Additional funding owed to the devolved nations under the Barnett formula after Theresa May announced an extra £20bn for the NHS in England must be spent on health and stabilising general practice, the Royal College of GPs has urged.
Under Barnett rules, Scotland, Wales and Northern Ireland will each receive a funding boost due to the promise of extra income for the NHS in England, but it does not have to be spent on health.
In June, Ms May announced the £20bn NHS funding increase over the next five years, translating to a 3.4% year-on-year annual funding increase.
Scotland is set to receive £2bn extra in real terms by 2023, with £1.2bn expected to go to Wales and £600 million to Northern Ireland.
RCGP Wales said the additional funding must be invested in patient care and to ensure sustainability of general practice.
Dr Rebecca Payne, chair of RCGP Wales, said underinvestment in community care alongside GP shortages and rising workloads was leading to unsustainable conditions.
‘GPs and their teams are working under immense pressure and are struggling to provide timely care to all patients.
‘The strain is taking its toll on patient care. A recent survey found that 42% of patients said they found it difficult to make a convenient appointment with their GP.’
‘This is not good enough – patients across Wales must be able to see a GP when they need to,’ she added.
Previous analysis by the RCGP has shown general practice in Wales receives the lowest proportion of NHS spend in the UK nations – at 7.3%.
Dr Payne said that for the NHS to survive another 70 years and beyond, general practice services must be ‘robust’.
‘The Welsh Government has the power to ensure this. I urge them to grasp the opportunity provided by the £1.2 billion funding, made available through the Barnett formula, and take action to reduce pressure on general practice services,’ she said.
She added that the money could support investment in the roll-out of physiotherapists, social workers, pharmacists, paramedics and mental health specialists to practices across Wales.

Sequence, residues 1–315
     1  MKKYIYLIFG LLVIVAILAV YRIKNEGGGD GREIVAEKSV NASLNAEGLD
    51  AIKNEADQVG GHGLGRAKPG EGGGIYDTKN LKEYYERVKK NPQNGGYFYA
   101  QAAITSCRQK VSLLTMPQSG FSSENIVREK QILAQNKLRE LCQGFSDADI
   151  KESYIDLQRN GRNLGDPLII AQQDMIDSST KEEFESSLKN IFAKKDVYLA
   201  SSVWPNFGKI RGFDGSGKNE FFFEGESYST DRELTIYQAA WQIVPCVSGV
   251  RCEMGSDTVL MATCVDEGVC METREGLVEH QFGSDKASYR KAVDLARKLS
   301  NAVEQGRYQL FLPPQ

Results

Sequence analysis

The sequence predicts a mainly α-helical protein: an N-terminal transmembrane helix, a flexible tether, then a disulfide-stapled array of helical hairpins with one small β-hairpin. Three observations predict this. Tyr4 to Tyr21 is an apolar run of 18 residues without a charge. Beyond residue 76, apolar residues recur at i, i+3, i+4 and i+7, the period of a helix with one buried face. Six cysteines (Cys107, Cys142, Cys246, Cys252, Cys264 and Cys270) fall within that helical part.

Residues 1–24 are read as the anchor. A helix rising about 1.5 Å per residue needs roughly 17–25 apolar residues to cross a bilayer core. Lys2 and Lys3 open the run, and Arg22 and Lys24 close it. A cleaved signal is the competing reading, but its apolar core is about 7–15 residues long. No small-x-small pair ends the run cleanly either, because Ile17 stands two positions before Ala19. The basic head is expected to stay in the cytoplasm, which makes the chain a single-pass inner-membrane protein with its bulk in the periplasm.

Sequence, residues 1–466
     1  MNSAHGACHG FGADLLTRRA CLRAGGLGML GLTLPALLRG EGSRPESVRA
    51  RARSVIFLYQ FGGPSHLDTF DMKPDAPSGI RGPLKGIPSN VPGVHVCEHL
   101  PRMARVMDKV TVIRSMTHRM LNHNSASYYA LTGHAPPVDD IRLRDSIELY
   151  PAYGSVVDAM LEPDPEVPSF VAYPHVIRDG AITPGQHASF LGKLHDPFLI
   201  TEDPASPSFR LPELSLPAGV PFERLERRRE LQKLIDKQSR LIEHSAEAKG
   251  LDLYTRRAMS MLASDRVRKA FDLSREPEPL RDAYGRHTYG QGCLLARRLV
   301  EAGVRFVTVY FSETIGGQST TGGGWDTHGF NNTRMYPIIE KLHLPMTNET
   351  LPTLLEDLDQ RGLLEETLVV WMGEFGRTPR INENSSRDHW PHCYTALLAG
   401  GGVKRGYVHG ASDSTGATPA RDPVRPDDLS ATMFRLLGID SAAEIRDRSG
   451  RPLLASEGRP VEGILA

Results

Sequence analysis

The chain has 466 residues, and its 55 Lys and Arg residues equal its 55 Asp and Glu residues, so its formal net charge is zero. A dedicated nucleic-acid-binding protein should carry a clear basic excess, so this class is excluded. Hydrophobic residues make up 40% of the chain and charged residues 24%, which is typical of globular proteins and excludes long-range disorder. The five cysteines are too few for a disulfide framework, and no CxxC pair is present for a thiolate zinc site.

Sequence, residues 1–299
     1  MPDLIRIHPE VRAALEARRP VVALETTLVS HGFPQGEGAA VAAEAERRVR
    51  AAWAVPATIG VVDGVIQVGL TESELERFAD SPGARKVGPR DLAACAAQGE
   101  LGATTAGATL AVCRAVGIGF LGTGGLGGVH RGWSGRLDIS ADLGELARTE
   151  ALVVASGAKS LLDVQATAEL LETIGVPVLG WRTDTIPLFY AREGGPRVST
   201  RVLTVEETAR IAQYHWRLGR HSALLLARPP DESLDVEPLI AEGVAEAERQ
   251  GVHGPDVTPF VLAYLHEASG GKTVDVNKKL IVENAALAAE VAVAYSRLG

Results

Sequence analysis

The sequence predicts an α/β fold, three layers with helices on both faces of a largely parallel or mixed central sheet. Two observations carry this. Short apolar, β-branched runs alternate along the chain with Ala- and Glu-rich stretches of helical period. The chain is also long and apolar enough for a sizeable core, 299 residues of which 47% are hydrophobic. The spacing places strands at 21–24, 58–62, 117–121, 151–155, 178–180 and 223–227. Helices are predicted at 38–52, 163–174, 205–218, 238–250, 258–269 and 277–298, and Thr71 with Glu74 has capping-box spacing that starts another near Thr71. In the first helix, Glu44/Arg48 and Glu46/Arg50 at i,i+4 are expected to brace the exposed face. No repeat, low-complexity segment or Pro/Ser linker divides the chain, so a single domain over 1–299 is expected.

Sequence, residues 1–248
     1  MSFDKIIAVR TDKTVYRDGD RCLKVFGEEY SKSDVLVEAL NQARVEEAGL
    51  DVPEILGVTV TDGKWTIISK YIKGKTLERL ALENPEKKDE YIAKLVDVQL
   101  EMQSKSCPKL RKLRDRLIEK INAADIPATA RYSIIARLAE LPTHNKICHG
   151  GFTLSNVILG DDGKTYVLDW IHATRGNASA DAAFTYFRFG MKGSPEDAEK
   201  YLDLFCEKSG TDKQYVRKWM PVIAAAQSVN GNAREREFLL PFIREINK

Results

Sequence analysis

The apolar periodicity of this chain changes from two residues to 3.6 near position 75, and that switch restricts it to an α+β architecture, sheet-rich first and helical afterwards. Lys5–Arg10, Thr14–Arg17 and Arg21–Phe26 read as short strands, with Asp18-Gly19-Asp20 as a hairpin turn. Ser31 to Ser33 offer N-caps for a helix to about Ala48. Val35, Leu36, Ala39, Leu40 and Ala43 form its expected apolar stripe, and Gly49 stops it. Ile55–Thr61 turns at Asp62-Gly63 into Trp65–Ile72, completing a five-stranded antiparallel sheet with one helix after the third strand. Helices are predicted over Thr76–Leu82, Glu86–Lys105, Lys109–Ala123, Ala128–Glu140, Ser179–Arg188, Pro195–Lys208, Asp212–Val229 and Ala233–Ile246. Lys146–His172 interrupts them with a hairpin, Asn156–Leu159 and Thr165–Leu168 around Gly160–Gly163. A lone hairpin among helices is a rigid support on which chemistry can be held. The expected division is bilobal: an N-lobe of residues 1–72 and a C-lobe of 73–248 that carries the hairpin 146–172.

‘This will provide immediate relief for GPs and their teams and help stabilise general practice,’ she said.
A Welsh Government spokeswoman said it welcomed the additional funding, but was still awaiting the exact details.
‘While we welcome any additional funding, we await details of what that additional funding for Wales will be. However, it cannot be forgotten that had the Welsh budget seen real terms growth between 2010/11 and 2019/20, the budget would be some £4bn higher than it is today,’ she said.
Dr Carey Lunan, chair of RCGP Scotland, said: ‘We hope that the money from the Barnett consequentials will be ring-fenced and appropriately applied in Scotland – in a way which recognises the crucial role of general practice and community-based health and social care, if we are to reduce unnecessary admissions to, and delayed discharges from hospital.
‘This is the Government’s opportunity to achieve the ambitions of the Scottish National Clinical Strategy and Vision 2020 of ensuring that more patients can be cared for at home or in a homely setting.’
Scottish Conservatives have previously called for ‘every penny’ of the additional funding to be spent on the NHS.
But at the time the NHS funding boost was announced the then Scottish health secretary, Shona Robison, welcomed the money but warned plans to fund it through a Brexit dividend were ‘not credible’.
Meanwhile, Dr Grainne Doran, chair of RCGP Northern Ireland, said additional money for the NHS was ‘essential’ to ensure it is modern and fit-for-purpose.
‘Should money be found to fulfil the promise of an additional £20billion for the NHS, it is essential that the equivalent monies allocated to Northern Ireland are spent on health and social care.
‘Progress is currently being made to advance the health and social care transformation agenda, and general practice plays a significant role in the restructuring of our services for the future – any additional money should help to accelerate reform implementation in Northern Ireland,’ she added.
She said that in the absence of ministers in Northern Ireland, the Secretary of State for Northern Ireland and the head of the Civil Service ‘must…ensure that the full amount of additional investment is allocated to the health service.’
‘This money is not a present – it is public money and clear accountability for its use is essential,’ she added.